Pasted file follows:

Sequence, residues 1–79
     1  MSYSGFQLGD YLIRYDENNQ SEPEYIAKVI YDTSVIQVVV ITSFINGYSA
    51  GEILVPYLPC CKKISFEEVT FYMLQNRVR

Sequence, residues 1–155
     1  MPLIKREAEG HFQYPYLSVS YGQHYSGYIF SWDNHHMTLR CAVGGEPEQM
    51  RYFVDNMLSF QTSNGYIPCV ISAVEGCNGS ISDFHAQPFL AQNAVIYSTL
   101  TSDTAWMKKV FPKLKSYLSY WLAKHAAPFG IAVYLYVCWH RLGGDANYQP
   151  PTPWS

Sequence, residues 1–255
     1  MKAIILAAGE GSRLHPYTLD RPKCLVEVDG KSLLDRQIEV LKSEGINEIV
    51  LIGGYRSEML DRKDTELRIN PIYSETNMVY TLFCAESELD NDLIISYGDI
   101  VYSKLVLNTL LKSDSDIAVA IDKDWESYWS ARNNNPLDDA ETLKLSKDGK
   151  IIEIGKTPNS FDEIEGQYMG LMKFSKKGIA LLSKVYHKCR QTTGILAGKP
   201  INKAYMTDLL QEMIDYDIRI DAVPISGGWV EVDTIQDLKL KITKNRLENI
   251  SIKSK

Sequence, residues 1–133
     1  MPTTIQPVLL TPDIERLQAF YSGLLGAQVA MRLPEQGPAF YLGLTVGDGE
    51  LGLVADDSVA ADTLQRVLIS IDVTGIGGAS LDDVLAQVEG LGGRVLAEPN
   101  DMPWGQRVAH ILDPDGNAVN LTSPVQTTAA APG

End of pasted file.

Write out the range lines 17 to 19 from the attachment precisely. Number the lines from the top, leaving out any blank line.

     1  MPTTIQPVLL TPDIERLQAF YSGLLGAQVA MRLPEQGPAF YLGLTVGDGE
    51  LGLVADDSVA ADTLQRVLIS IDVTGIGGAS LDDVLAQVEG LGGRVLAEPN
   101  DMPWGQRVAH ILDPDGNAVN LTSPVQTTAA APG